Argued: November 28, 2018
J. MacDonald, attorney general (Sean R. Locke, assistant
attorney general, on the brief and orally), for the State.
Christopher M. Johnson, chief appellate defender, of Concord,
on the brief and orally, for the defendant.
defendant, Owen Labrie, was convicted by a jury on three
counts of sexual assault, see RSA 632-A:4, I(c)
(2016), one count of endangering the welfare of a child,
see RSA 639:3, I (2016), and one count of using
computer services for a prohibited purpose, see RSA
649-B:4, I(a) (2016) (computer services use charge).
State v. Labrie, 171 N.H. 475, 477 (2018). In the
instant appeal, the defendant challenges an order of the
Superior Court (Smukler, J.) denying his motion for
a new trial based upon ineffective assistance of counsel as
to the computer services use charge. We affirm.
facts underlying the defendant's convictions are fully
set forth in Labrie. See id. at 478-81. We
repeat only those facts necessary to decide the instant
matter. For the facts relevant to the defendant's motion
for a new trial, we rely upon the trial court's order
denying that motion and the record submitted in this appeal.
Facts Underlying the Defendant's Convictions
early 2014, the defendant was 18 years old and a senior at
St. Paul's School (SPS), a private coeducational boarding
school in Concord. Id. at 478. At SPS, there was a
prominent annual springtime tradition known as the
"senior salute," which involved a senior sending a
note (or a senior salute) to a younger student on campus,
inviting that younger student to spend time with the senior
before he or she graduated. Id. Often, these notes
had sexual connotations. Id. Although a senior
salute could be an invitation simply to meet up with someone
on campus, it was widely understood among SPS students that
physical contact, at least in the form of a kiss, was almost
always expected. Id. It was not unusual for the
invitation to imply more advanced sexual contact as well,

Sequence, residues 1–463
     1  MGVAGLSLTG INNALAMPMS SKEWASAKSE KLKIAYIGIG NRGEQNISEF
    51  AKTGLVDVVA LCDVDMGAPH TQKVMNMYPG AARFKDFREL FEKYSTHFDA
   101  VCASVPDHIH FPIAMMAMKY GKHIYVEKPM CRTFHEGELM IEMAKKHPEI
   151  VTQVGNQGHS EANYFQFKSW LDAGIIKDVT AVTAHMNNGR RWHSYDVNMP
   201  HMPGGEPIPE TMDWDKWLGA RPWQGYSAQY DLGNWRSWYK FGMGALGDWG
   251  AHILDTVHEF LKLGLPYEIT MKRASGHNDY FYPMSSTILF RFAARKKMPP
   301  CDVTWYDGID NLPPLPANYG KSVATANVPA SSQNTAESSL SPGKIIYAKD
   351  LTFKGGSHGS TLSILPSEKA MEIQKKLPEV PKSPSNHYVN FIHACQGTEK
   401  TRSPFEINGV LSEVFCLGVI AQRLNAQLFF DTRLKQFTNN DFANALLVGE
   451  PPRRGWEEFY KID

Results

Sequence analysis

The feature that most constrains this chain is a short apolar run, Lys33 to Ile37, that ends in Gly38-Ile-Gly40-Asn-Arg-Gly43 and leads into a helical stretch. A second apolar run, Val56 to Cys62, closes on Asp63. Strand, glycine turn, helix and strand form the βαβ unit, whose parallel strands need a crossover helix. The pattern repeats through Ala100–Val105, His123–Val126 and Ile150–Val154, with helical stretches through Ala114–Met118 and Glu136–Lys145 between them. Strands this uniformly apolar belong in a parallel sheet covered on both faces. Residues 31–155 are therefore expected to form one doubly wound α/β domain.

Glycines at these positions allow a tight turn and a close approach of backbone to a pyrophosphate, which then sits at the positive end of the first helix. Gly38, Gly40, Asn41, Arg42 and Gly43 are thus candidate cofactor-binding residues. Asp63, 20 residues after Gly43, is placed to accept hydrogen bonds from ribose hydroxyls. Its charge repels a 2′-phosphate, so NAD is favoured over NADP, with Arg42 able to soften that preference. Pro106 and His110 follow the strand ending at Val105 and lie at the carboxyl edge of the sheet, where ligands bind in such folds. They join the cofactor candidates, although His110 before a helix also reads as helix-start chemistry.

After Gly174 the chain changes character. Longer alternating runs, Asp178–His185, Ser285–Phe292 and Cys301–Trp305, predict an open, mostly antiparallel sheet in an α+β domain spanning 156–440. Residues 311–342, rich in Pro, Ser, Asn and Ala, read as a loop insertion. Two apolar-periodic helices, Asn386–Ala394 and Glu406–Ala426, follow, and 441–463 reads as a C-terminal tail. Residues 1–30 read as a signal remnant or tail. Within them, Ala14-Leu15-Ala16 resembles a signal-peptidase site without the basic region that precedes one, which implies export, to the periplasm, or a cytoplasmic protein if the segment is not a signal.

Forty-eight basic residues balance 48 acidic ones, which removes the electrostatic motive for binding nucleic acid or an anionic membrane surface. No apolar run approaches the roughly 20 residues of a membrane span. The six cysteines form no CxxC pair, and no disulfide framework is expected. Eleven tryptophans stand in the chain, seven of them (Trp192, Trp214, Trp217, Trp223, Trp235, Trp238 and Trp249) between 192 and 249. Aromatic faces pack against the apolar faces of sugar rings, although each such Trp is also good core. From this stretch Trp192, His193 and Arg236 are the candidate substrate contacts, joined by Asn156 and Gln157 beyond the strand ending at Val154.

including sexual intercourse. Id.
28, the defendant sent the victim the following senior salute
[W]hile the thought of my name in your inbox makes me blush
perhaps more than it should, there's something [I] want
to share with you and my evenings left to do it are growing
fewer by the evening. [T]here's a door here that's
been locked since before we were born, but in a moment of
divine intervention the night before last, its hinges swung
open in my hands. [I]f you want a definition of the word
bittersweet, think of me spending three years trying to open
it yet now only having three nights to remember the view. [I]
want to invite you to come with me, to climb these hidden
steps, and to bask in the nicest view [M]illville has ever
had to offer. [I] hope you're all right with heights.
[I]f you're not otherwise engaged, mull it over. [I] ask
only that you let me know soon--these days they're not
making time quite like they used to.
Id. at 479 (quotation omitted). The victim replied
to the defendant, stating:
[W]hile the thought of your name in my inbox gives me a sense
of [déjà vu], ([my sister] and I are very close
sisters, ) and although I would like to climb those hidden
steps with you, I have to decline. I would like to climb
that, not the list of [freshmen] that have spent quality time
at 479-80 (quotation omitted). The defendant responded to the
victim's e-mail, stating:
[P]robably one of the sassier emails [I]'ve ever
received, my sweet lord. . . . [I]'m afraid that list is
slimmer than you might think. [P]retty much nonexistent this
term, even. [B]ut do as you please, [ma chère].
[I]'d have taken you either way.
Id. at 480 (quotation omitted). The defendant
concluded his response with song lyrics in French, which
translate as, "It's 2:45, . . . it's late and
all the boys are dancing for you to console you, . . . their
queen." Id. (quotation omitted).
this exchange, the defendant asked a freshman in his
dormitory to put in a good word for him with the victim.
Id. After speaking with the freshman, the victim
e-mailed the defendant. Id. Translated from French,
the e-mail stated, "It's true, . . . please forgive
me. Yes, only if it's our little secret."